Certainly valid points.  But what is Obama’s administration saying now?

The White House and the Obama campaign today insisted that the individual mandate in the president’s health care bill is a “penalty,” not a tax, despite the Supreme Court’s ruling to uphold the law under Congress’ taxing power.

“For those who can afford health insurance but choose to remain uninsured, forcing the rest of us to pay for their care, a penalty is administered as part of the Affordable Care Act,” White House Press Secretary Jay Carney told reporters aboard Air Force One today.

“You can call it what you want. If you read the opinion, it is not a broad-based tax,” he said, stressing that the “penalty” would affect 1 percent of the population, based on CBO estimates. “It’s a penalty because you have a choice. You don’t have a choice to pay your taxes, right?”

Obama isn’t going to call this a tax.  It IS a tax, that’s the law.  As he sends his administration and his campaign out saying that it isn’t it does two things:

  1. That Obama knew this was a tax when he was working to pass this law.  The words know and the words then certainly are beginning to sound the same.
  2. That he’s lying now.

It’s settled.  This new law is a tax hike, rumor has it it’s the biggest tax hike in history.  In that lens , Obama is going to have to answer to that.

Incentives Matter: The Nanny State

Don’t think that incentives matter?

Don’t think that government programs that enlarge the nanny state don’t result in poor behavior?

Think again.

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The Impact Of Marriage: Poverty And Children

I have been making the point that one of the contributors to poverty, income disparity and perhaps income mobility is marriage.  I’ve been making the case that marriage tends to bring people out of poverty and failing to get married tends to make one more likely to experience poverty.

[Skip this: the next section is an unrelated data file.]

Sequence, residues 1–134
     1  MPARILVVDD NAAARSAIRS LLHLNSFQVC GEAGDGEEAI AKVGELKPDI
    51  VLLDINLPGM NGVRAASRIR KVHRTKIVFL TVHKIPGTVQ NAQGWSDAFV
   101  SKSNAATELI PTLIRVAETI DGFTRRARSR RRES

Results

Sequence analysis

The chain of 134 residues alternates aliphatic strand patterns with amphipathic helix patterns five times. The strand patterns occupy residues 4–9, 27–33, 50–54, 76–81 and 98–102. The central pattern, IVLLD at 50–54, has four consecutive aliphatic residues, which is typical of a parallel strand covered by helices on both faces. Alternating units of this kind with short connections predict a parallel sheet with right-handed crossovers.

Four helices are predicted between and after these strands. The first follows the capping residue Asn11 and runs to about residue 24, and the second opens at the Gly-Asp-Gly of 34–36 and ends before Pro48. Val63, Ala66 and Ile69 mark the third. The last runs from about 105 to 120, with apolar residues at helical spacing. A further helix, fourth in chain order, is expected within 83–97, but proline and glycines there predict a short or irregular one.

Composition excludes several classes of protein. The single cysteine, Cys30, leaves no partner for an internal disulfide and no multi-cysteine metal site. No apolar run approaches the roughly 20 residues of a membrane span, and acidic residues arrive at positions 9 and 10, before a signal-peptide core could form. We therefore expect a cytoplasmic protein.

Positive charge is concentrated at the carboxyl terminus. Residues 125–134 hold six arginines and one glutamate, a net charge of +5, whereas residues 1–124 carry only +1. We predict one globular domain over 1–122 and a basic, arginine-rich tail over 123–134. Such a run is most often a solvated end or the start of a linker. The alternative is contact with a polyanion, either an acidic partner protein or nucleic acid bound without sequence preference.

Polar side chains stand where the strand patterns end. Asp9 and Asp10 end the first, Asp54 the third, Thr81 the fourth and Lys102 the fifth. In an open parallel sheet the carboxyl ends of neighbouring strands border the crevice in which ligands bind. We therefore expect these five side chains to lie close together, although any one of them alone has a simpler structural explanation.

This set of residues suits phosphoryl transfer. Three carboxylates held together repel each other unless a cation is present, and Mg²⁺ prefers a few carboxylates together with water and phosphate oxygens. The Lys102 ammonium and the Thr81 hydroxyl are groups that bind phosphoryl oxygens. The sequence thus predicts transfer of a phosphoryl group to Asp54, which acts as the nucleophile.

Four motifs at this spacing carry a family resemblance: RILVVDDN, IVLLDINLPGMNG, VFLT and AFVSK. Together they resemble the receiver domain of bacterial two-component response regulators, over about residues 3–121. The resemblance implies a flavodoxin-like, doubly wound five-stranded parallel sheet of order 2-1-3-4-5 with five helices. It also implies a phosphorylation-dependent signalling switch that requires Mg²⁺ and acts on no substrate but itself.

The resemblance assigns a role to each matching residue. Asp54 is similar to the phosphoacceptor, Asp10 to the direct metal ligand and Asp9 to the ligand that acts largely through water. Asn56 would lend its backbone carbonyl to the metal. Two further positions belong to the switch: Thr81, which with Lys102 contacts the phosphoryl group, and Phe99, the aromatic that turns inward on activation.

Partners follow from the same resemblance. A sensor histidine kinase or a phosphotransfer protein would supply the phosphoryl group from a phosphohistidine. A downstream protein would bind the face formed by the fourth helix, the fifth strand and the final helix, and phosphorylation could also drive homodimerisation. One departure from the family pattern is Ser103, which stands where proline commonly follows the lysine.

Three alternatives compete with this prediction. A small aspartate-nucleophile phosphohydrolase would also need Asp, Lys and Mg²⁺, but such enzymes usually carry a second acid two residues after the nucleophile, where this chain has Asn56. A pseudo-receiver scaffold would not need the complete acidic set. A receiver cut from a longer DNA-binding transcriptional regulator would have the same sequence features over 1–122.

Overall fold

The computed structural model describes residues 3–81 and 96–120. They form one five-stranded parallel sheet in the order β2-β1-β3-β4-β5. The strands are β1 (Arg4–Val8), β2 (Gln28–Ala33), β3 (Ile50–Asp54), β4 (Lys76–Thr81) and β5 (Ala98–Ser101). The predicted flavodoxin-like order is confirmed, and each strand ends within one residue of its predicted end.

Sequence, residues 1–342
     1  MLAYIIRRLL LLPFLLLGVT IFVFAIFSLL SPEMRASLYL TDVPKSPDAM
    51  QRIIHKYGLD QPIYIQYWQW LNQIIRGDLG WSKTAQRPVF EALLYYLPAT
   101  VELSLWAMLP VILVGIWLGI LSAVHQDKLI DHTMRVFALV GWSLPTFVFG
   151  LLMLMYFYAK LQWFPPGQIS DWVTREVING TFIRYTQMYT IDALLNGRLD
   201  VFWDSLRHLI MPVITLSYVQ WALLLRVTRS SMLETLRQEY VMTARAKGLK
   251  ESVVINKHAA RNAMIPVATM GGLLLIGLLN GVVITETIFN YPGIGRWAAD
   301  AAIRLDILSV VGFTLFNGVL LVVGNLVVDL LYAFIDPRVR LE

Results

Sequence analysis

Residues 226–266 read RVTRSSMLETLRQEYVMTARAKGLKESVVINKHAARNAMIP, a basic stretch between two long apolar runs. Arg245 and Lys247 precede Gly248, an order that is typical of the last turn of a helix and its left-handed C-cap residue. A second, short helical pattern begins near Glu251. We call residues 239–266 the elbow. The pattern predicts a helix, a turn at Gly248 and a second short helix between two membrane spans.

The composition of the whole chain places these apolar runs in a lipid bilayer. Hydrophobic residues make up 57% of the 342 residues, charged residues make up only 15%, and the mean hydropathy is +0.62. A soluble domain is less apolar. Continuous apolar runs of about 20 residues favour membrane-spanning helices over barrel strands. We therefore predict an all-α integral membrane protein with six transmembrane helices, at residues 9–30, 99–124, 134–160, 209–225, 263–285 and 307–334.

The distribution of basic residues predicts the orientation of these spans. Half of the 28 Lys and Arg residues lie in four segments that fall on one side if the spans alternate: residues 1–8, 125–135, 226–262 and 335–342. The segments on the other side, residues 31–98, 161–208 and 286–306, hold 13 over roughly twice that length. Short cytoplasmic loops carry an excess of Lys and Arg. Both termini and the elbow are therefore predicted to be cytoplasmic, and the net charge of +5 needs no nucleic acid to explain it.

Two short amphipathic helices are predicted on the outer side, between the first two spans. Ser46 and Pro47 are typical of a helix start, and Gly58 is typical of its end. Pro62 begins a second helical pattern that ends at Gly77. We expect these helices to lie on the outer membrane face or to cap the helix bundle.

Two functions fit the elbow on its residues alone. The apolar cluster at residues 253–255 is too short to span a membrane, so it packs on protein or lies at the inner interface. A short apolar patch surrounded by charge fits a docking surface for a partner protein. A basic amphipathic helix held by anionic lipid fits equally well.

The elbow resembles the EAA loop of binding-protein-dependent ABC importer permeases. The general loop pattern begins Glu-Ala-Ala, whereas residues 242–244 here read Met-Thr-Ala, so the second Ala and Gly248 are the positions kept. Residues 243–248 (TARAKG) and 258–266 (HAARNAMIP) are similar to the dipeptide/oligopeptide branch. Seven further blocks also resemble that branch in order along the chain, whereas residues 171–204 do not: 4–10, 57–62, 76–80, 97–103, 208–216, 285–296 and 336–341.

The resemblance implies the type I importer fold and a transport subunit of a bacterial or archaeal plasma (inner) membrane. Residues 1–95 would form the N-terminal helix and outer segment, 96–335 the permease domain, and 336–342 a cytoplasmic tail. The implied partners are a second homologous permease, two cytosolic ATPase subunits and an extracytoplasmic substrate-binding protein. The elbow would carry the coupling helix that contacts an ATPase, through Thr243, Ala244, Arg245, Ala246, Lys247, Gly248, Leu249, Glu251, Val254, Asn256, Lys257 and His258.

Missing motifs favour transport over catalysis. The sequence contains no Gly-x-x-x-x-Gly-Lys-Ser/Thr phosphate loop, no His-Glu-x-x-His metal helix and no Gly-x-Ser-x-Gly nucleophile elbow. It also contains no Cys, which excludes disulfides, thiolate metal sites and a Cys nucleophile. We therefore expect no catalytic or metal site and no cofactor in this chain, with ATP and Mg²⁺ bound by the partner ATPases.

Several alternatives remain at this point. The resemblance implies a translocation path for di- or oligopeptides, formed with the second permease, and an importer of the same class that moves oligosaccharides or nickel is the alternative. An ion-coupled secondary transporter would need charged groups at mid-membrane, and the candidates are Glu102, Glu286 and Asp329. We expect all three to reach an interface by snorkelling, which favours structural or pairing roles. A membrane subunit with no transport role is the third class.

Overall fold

For example, I’ve demonstrated that the GINI, or disparity in income, falls as the marriage rate increases in a population:

  • 50% Marriage:  .3446
  • 60% Marriage:  .3353
  • 70% Marriage:  .3227
  • 80% Marriage:  .3015

As the marriage rate went up, the GINI went down.  In other words, as my population increased its marriage rate the inequality diminished.  In fact, by moving from a 50% marriage rate to an 80% rate, the GINI moved by 12%.

Let’s do it again.  10,000 new salaries, same constraints:

  • 50% Marriage:  .3471
  • 60% Marriage:  .3416
  • 70% Marriage:  .3248
  • 80% Marriage:  .3093

Again, a continuing trend toward equality.

As the population marries, the GINI falls.  And this is just a mathematical observation, it has nothing to do with the social benefits that occur due to marriage.

Further, data from the Urban Institute and American University shows that marriage impacts poverty in more concrete ways:

The gains from marriage extend to material hardship as well. About 30 percent of cohabiting couples and 33-35 percent of single parents stated that sometime in the past year they did not meet their essential expenses. These levels are twice the 15 percent rate experienced by married parents. Even among households with similar incomes, demographic and educational characteristics, married couples suffer fewer serious material 21 hardships. Moreover, despite their less promising marriage market, low-income and less educated mothers who are married experience significantly less material hardship than low income,
less-educated mothers not married.

Marriage retained an advantage in limiting hardship even among families with the same incomes relative to needs. The variables used for controlling for the effect of income to-needs ratios were the income-to-needs ratios in the current wave of SIPP (the prior four month period) as well as the mean level and the stability of income-to-needs ratios during the 28 months prior to the current wave. Not surprisingly, higher current welfare ratios, higher past welfare ratios, and lower instability of welfare ratios were all associated with less hardship. However, the inclusion of the income variables left intact virtually all of the differences by marital and family status.

Families that fit in the same income that are married fare better than families that are not married.

The other day I posted on poverty and how to avoid it.  One of the key barriers to middle class is not getting married:


The Immediate Prerequisites to Success Are:

  1. Receive a good education [graduate high school]
  2. Work full time
  3. Marry [And do it before having kids]

But do we have data?  Have we been able to demonstrate that marriage is a determining factor?

Yes.  There is data that backs up the idea that marriage, and just marriage, would reduce our poverty rate significantly: